Tape: 1 Story: 5 - Al-Tony Gilmore describes segregation where he grew up in Spartanburg, South Carolina, pt. 2

Tape: 1 Story: 6 - Al-Tony Gilmore describes his father's background and how he earned a scholarship to attend North Carolina Central University

Tape: 1 Story: 7 - Al-Tony Gilmore describes his mother's position in the community

Tape: 1 Story: 8 - Al-Tony Gilmore describes his father's reputation in Spartanburg, South Carolina

Tape: 1 Story: 9 - Al-Tony Gilmore talks about how his parents met and the meaning behind his name

Tape: 1 Story: 10 - Al-Tony Gilmore talks about his father and paternal grandmother

Tape: 2 Story: 1 - Al-Tony Gilmore describes the sights, sounds, and smells of his childhood

Tape: 2 Story: 2 - Al-Tony Gilmore describes how he benefitted from the segregated schools in Spartanburg, South Carolina and the black power movement

Tape: 2 Story: 3 - Al-Tony Gilmore describes his interests in grade school

Tape: 2 Story: 4 - Al-Tony Gilmore talks about his grade school teachers

Tape: 2 Story: 5 - Al-Tony Gilmore describes his family's yearly trips to Youngstown, Ohio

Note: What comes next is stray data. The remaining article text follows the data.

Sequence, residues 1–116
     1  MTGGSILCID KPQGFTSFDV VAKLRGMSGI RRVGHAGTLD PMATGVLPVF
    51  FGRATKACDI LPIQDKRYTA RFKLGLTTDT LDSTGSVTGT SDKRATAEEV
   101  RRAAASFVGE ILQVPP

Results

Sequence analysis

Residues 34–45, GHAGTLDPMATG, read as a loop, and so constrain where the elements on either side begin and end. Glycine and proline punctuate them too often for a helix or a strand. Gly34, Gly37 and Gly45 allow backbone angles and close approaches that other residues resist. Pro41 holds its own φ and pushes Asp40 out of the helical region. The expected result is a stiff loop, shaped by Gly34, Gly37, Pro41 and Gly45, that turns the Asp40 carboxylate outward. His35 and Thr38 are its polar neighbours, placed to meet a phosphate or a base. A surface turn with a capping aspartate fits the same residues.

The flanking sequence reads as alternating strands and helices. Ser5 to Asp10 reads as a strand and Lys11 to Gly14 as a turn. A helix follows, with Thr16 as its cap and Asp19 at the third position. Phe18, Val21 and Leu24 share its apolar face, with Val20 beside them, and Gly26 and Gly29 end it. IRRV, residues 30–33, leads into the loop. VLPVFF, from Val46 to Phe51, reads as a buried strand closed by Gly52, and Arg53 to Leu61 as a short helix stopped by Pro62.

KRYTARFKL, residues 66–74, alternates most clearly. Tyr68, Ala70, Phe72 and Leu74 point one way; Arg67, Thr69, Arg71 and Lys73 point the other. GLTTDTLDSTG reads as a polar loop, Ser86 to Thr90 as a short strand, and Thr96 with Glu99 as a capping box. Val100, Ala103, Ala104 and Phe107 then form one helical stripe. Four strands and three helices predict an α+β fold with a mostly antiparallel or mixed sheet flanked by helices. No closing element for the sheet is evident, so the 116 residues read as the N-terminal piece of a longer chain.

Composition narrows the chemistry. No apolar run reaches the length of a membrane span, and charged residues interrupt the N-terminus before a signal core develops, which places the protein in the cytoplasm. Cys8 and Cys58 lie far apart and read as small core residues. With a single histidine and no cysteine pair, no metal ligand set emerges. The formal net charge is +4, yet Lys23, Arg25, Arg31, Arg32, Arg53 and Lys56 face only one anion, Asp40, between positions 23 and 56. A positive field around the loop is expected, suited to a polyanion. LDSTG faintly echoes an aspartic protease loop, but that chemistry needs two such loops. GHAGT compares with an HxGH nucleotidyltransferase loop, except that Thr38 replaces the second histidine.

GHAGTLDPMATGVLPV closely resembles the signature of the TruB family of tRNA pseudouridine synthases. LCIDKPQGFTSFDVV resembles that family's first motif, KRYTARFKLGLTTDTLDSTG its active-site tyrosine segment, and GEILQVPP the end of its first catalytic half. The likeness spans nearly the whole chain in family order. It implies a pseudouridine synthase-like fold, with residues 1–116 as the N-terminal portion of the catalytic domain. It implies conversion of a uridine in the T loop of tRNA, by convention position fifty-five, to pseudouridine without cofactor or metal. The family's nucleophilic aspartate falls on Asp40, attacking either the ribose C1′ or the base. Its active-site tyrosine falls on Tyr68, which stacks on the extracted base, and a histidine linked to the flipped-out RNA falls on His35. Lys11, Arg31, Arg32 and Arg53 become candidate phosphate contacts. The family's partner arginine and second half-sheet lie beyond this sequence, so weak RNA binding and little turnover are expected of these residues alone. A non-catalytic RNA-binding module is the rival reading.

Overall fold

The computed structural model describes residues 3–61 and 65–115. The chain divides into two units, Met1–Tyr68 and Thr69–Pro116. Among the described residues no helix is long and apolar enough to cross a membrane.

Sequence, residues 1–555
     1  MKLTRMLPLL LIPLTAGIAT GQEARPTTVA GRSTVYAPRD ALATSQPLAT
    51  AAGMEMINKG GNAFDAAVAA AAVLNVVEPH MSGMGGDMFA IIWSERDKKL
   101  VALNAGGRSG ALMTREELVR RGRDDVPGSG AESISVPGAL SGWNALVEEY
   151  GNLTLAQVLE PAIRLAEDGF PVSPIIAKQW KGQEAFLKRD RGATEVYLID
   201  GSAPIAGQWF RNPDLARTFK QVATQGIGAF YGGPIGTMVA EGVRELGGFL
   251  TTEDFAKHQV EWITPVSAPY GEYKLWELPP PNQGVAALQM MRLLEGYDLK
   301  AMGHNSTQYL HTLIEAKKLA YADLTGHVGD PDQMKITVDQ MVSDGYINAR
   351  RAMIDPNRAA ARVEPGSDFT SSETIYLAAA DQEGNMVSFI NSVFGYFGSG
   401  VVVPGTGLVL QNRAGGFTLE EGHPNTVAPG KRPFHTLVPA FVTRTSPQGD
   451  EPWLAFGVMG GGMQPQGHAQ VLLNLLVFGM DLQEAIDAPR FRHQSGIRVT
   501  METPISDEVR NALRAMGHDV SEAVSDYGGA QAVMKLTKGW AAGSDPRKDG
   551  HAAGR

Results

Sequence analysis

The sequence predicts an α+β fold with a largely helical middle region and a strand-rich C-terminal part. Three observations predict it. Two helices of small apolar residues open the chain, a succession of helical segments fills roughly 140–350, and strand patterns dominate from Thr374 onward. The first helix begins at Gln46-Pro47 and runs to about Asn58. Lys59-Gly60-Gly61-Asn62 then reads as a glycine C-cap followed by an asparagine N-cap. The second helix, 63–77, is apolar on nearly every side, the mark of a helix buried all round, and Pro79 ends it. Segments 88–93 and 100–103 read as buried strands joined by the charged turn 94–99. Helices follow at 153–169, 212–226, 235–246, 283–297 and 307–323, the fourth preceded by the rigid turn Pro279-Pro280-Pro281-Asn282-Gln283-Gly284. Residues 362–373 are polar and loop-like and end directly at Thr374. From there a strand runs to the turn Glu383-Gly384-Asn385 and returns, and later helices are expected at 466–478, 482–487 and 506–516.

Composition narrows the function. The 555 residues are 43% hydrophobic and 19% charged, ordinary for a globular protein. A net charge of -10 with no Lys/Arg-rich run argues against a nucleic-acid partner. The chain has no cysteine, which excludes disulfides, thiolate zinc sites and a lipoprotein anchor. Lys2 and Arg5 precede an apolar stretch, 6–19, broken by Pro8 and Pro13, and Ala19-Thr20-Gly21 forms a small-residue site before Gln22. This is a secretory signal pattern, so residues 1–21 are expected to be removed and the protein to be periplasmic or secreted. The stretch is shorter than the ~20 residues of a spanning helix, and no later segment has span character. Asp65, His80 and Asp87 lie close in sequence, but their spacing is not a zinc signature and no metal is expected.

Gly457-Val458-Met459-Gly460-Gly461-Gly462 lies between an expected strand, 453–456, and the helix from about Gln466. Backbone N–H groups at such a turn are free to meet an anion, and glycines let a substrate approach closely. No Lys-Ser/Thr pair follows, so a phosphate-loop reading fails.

Tape: 2 Story: 6 - Al-Tony Gilmore describes the economic decline of Youngstown, Ohio, pt. 1

Tape: 2 Story: 7 - Al-Tony Gilmore describes the economic decline of Youngstown, Ohio, pt. 2

Tape: 2 Story: 8 - Al-Tony Gilmore talks about how Youngstown, Ohio affected his understanding of different types of intelligence

Tape: 2 Story: 9 - Al-Tony Gilmore describes playing football and basketball at Carver high school

Tape: 3 Story: 1 - Al-Tony Gilmore describes his experience playing football and basketball at Carver High School

Tape: 3 Story: 2 - Al-Tony Gilmore describes his experience as a long jumper and the other track and field athletes he competed with

Tape: 3 Story: 3 - Al-Tony Gilmore talks about his teachers at Carver High School in Spartanburg, South Carolina

Tape: 3 Story: 4 - Al-Tony Gilmore describes falling in with the wrong crowd at Carver High School

Tape: 3 Story: 5 - Al-Tony Gilmore describes deciding to attend North Carolina Central University in Durham, North Carolina

Tape: 3 Story: 6 - Al-Tony Gilmore describes enrolling at North Carolina Central University in Durham, North Carolina